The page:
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Showing posts from 2015

Learning Map Reading and Navigation

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Map Reading and Navigation Courses
Being able to navigate accurately through the countryside, moorland and mountains is an essential skill that all walkers should have if they want to stay safe.

Having the ability to look at a map and plan a route, knowing what the map is telling you about the terrain and having a good idea of how long it will take to walk the route are good map reading skills.Navigating efficiently around the planned route takes the skills on a stage further.
All of these skills can be self taught through books, videos and practice. However learning from experts can give you added knowledge and the benefit of years of experience and topical advice (i.e. which way to get out of the car park or what to do when the map shows one path but on the ground there are two).




At Peak NavigationCourses we have a range of courses to help people improve their skills whether starting from scratch (our 1st Steps Course) to those who are already an expert navigator (Navigation Mastercl…

Night Navigation Courses

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Night Navigation Courses
Being caught out whilst walking either in the dark or in the mist can be a frightening experience unless you have learnt the skills and strategies to cope with such eventualities.

Of course being able to map read and navigate using a map and compass are essential skills for safe walking the hills and mountains. It is only a short step from being a competent daytime navigator to being able to cope with navigating in poor visibility.  Also, like with any skill set, it is a good idea to get out and practice occasionally to ensure that you still have the confidence to navigate in the dark or the mist.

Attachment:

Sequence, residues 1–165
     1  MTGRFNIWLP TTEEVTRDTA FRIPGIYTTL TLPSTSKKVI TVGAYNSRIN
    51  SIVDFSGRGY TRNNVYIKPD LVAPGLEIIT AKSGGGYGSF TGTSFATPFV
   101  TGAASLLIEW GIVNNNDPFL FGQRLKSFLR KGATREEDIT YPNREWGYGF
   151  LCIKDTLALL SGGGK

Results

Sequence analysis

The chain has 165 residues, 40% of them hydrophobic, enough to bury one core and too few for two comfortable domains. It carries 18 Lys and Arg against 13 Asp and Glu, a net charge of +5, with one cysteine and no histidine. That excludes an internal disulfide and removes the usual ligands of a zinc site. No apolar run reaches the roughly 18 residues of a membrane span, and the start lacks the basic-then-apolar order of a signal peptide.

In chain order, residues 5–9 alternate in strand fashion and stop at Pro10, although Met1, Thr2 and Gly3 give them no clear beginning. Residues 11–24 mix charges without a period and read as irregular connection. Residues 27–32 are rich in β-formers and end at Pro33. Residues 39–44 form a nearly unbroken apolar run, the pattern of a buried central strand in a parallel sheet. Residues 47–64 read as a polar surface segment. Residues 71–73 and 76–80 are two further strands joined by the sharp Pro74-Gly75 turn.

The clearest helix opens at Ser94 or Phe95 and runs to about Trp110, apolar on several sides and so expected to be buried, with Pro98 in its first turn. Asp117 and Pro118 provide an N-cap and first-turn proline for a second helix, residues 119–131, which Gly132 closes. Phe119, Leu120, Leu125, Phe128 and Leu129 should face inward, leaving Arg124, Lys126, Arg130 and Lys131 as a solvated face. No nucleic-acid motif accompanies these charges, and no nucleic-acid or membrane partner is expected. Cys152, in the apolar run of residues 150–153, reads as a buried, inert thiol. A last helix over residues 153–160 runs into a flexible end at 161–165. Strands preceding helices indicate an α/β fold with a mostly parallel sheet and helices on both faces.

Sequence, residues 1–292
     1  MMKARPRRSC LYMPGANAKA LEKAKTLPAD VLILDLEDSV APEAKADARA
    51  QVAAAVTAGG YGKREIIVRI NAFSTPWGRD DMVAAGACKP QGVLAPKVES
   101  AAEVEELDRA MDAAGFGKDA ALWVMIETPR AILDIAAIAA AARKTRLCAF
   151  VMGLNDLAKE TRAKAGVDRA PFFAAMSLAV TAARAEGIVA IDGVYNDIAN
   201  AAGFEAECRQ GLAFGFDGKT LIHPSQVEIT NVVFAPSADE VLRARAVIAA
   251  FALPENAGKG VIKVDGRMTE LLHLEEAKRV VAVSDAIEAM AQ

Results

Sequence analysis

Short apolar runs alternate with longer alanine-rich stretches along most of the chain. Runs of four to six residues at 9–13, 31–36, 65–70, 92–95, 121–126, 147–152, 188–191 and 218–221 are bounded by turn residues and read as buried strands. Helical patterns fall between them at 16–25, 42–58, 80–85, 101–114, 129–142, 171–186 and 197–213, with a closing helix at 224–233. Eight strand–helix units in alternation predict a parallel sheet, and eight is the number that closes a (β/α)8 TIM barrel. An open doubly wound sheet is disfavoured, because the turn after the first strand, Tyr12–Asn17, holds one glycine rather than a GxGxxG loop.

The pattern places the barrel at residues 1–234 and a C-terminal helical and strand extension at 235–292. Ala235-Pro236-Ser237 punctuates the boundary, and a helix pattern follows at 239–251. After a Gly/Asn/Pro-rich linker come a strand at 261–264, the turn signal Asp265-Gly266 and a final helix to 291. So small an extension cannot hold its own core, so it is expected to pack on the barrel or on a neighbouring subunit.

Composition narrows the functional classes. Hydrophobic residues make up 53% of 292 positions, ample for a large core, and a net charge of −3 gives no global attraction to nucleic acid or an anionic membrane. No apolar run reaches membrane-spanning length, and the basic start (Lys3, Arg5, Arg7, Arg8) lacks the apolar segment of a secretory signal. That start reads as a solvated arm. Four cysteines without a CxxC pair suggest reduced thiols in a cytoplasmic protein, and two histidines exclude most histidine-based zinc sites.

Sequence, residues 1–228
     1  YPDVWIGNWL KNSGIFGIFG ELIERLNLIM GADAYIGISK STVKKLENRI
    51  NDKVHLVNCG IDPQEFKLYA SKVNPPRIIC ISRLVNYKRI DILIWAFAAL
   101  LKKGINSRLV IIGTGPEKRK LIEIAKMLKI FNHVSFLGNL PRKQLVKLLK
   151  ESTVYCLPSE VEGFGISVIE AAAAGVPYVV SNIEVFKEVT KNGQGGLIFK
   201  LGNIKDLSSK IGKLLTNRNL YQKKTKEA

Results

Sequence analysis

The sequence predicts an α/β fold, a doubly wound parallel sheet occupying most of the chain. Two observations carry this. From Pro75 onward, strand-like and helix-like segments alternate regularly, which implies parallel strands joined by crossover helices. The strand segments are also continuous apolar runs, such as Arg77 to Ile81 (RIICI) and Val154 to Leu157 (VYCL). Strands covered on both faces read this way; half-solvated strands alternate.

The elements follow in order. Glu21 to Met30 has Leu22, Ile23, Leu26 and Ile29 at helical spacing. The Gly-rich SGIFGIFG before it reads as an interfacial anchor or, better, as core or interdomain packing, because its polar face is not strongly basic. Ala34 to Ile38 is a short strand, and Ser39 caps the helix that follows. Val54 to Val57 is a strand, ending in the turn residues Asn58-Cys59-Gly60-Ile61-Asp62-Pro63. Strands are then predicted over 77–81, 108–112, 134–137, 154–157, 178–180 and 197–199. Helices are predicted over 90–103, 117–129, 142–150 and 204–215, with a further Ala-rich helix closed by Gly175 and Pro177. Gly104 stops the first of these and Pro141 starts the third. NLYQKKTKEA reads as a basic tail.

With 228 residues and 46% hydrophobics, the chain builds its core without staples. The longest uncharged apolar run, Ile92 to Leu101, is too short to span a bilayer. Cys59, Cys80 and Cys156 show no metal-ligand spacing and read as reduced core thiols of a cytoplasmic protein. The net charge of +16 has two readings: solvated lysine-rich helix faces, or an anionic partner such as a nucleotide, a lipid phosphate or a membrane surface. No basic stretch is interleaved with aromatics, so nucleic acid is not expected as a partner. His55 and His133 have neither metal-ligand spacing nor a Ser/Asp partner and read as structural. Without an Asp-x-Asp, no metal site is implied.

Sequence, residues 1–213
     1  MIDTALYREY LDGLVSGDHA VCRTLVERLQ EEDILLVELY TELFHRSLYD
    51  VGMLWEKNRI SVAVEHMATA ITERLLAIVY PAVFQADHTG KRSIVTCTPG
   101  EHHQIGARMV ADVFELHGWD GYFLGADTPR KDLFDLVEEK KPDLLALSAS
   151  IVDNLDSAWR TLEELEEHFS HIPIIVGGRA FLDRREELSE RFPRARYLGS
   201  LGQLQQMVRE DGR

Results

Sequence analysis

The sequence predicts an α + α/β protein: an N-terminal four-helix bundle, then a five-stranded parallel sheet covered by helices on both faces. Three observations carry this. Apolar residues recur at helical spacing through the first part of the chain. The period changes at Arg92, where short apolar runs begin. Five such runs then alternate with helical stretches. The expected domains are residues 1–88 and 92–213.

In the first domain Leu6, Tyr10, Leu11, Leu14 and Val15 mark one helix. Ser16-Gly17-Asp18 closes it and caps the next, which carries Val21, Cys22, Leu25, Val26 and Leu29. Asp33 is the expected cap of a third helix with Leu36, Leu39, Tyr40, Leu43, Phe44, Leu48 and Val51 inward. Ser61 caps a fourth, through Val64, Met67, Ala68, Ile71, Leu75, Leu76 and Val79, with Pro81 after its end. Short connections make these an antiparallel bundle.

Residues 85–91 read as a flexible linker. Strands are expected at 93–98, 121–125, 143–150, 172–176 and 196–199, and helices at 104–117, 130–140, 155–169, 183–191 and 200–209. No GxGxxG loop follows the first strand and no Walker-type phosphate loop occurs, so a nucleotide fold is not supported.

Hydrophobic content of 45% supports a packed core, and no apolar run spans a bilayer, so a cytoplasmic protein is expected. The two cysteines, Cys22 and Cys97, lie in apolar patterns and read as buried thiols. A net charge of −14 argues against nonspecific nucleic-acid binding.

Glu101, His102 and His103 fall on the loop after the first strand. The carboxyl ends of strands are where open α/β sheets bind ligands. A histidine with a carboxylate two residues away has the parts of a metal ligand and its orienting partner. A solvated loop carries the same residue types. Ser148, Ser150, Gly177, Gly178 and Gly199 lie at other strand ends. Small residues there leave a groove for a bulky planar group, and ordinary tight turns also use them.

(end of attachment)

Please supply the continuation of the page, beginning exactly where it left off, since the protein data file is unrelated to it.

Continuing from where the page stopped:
Anyway, Night Navigation is fun and certainly a good alternative to staying in and watching t.v.!!





With the nights drawing in, Peak Navigation Courses have a programme of short evening courses aimed at teaching the skills to navigate in poor visibility and to give you the confidence to safely navigate at night.These short courses, 6.30pm till 10pm cover a range of str…

Wind Chill and Lapse Rate in British Mountains

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Wind Chill and Lapse Rate
Walking from my house situated at 300m a.s.l. in the Peak District today I was struck by how cold and damp it was. O.K. it’s January in the U.K. but it felt really cold.
There are two common factors that have an effect on the temperature whilst walking in British Hills. Wind Chill and the Lapse Rate.
1.Lapse Rate A lot has been written scientifically and in depth about Lapse Rate. There is a good paper from Bangor University. 
However it is essentially the amount that air temperature decreases as you gain altitude. Although there are variables such as whether the air is dry or saturated, generally the temperature decreases around 6.5 degrees C per 1000m climbed.
So for example if you were in Snowdonia, let’s say in Bangor at Sea Level and you were walking to Snowdon via Llanberis.
Bangor0m a.s.l. 10 degrees C.
Llanberis110m a.s.l9.3 degrees C.
Half Way Station500m a.s.l6.75 degrees C
Snowdon Summit1085m a.s.l3 degrees C
However the lapse rate does not take into accou…